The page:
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The six Utah national forests have released a scoping document which proposes to amend/modify each forest plan to provide "direction that allows appropriate use (time and scale) of prescribed fire to maintain or restore ecosystems..." The article below is a summary and edited version of a detailed letter by Dick Carter, HUPC, commenting on the Forest Service scoping letter. If you are interested in this issue, contact either our office or the Forest Service.

"...In general, of course, we fully support such an amendment and I’ve advocated for two decades now a reliance on fire as a major management tool. The evidence has existed for that long and it has been a bit frustrating waiting for the Forest Service to catch up.

The idea of a generalized, across- the- board amendment for all forests has merit from the perspective of "crossing boundaries," monitoring and implementing particular fire activities. We don’t necessarily agree that issues are similar on each forest simply because each forest harbors fire-adapted/dependent ecosystems. While that is true, it is only true at the broadest parameters. Lodgepole pine forests show remarkably different adaptations to fire and they are a magnitude different than ponderosa pine, pinyon/juniper or oak brush systems.

There are exceptions, but generally fire has been utilized on many Utah national forests quite haphazardly and without any clear objectives, implementation and, in particular, monitoring for desired results. The whole context of an ecological evaluation, desired condition and a relatively clear concept of a historic patch and pattern and variability within a particular landscape is an absolute priority. The amendment effort is useless unless this analysis is initiated simply because it will take us right back to guess work and ineffective objectives, results and monitoring. Thus a significant effort here must be analytical and descriptive, not simply "can do," burning.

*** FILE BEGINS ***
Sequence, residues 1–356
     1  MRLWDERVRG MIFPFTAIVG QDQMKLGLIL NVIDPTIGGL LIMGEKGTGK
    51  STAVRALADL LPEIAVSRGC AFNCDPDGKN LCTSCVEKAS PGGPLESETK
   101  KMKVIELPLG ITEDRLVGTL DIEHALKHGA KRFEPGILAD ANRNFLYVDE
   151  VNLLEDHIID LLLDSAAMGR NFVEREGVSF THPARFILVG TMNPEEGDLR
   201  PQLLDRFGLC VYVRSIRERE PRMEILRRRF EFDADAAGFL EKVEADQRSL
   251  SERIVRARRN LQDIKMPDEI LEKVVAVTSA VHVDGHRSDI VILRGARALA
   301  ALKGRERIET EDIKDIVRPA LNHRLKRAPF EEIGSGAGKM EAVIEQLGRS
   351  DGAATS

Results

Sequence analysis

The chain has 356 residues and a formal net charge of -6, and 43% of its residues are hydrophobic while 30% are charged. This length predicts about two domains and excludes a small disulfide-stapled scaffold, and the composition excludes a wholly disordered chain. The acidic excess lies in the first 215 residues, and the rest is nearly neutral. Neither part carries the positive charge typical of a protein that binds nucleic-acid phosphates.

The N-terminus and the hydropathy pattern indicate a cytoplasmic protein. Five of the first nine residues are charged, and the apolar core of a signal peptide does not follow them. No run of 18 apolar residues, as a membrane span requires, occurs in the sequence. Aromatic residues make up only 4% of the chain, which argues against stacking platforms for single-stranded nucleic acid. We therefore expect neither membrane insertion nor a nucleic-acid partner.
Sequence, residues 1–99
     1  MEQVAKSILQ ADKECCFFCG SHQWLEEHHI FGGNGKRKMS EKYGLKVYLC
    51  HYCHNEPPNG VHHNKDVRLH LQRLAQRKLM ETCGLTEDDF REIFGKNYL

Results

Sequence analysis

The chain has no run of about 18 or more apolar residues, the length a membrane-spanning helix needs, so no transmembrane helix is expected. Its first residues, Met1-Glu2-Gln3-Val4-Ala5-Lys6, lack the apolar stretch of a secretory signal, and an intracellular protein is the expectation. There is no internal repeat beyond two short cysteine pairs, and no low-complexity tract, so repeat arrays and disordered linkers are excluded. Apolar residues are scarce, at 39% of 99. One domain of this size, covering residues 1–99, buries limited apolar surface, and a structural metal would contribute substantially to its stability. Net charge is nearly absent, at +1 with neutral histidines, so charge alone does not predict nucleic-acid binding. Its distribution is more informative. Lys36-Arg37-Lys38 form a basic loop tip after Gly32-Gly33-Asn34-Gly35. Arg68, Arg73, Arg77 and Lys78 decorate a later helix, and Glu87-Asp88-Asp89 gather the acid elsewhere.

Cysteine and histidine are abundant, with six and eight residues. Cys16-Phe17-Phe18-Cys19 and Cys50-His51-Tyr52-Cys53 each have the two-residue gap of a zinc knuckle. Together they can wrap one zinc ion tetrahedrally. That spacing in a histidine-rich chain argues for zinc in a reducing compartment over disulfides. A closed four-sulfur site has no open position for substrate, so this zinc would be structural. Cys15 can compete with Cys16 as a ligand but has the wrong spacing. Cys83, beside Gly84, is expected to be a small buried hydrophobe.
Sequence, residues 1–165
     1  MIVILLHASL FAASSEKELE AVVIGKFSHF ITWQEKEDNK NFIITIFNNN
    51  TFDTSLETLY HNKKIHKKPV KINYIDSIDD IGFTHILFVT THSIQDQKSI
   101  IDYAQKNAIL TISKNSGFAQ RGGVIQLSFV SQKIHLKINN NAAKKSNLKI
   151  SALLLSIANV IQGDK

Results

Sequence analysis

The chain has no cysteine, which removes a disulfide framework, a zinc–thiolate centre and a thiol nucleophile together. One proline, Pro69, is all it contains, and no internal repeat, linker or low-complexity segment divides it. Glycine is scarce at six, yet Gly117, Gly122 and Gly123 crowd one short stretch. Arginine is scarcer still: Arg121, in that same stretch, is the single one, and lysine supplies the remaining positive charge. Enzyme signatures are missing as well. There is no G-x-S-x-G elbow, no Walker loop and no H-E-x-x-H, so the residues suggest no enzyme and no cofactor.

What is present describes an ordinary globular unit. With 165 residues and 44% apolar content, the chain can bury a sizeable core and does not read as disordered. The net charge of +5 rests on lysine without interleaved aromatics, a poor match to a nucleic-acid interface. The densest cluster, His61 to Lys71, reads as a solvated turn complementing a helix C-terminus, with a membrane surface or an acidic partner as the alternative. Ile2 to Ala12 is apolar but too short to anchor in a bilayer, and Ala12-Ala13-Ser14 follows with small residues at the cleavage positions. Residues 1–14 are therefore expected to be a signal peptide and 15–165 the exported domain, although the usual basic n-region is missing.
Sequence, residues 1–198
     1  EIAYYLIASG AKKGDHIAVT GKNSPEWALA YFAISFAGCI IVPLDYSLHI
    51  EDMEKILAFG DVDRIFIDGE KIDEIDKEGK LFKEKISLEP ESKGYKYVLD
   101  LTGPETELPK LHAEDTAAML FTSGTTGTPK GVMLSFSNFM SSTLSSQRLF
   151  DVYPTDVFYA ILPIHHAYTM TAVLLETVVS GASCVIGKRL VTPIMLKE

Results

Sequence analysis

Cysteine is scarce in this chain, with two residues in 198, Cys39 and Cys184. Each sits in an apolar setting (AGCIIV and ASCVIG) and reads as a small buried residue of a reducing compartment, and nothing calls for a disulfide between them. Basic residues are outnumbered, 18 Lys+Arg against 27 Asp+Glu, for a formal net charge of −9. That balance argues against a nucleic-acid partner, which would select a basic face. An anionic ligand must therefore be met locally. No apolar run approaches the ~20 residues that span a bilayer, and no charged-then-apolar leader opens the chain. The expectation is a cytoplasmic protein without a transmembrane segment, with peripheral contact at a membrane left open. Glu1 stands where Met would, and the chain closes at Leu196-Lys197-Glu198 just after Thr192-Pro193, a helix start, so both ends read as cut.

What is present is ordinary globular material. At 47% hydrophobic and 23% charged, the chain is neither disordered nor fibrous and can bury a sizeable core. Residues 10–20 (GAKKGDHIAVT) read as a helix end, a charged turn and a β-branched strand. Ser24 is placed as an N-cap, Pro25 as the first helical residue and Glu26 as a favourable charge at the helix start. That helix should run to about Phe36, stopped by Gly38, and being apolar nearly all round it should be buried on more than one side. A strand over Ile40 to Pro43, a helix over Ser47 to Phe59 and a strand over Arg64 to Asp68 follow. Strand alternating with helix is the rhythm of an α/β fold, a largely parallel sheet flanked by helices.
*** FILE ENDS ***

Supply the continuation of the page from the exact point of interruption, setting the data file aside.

We are deeply concerned that fire management not simply be done as an afterthought following timber harvesting or only in areas that are not scheduled for timber harvesting. If this amendment is going to be science/ ecological/ landscape driven, fire management must be the driving force in ecosystem management, not secondary to timber harvesting or grazing. The simple matter of fact is any approach where fire is a secondary or an after-thought activity assures fire will be relegated to an inappropriate ecological context. The research is clear in this arena. Fire can’t be used to perpetuate a landscape when that landscape is being regulated by timber harvesting or grazing which is outside of the fire adaptation/dependency. For this effort to mean anything the Forest Service is going to have to take a brave ecological step forward.

Under no conditions can we support human initiated prescribed fire ignitions in designated wildernesses or, for that matter, in most wild areas where anthropogenic activities such as timber harvesting and road access are limited. Those special places should be reserved for natural ignitions (based on the law and common ecological sense) and then be allowed to burn as natural fire starts. This context allows a wild landscape to move forward and backward through its life rather than represent an attempt at directing the landscape to move in a particular "human direction."

While the assumption of the scoping letter seems to be based, correctly, on the value and need for fire on many national forest landscapes, the COMMENTS section lays out an array of issues that may be of concern to people that harbor a strong bias against fire as a management concept. It will do little good to suggest that fire is a much needed management tool if the agency feels compelled to respond to these myths surrounding fire by restricting the ecological value of fires...

...Assuming a meaningful proposal is implemented, which is based on an ecological context with appropriate monitoring and goals, then fires must be ignited or allowed to ignite and burn or the whole context is lost."

Dick Carter

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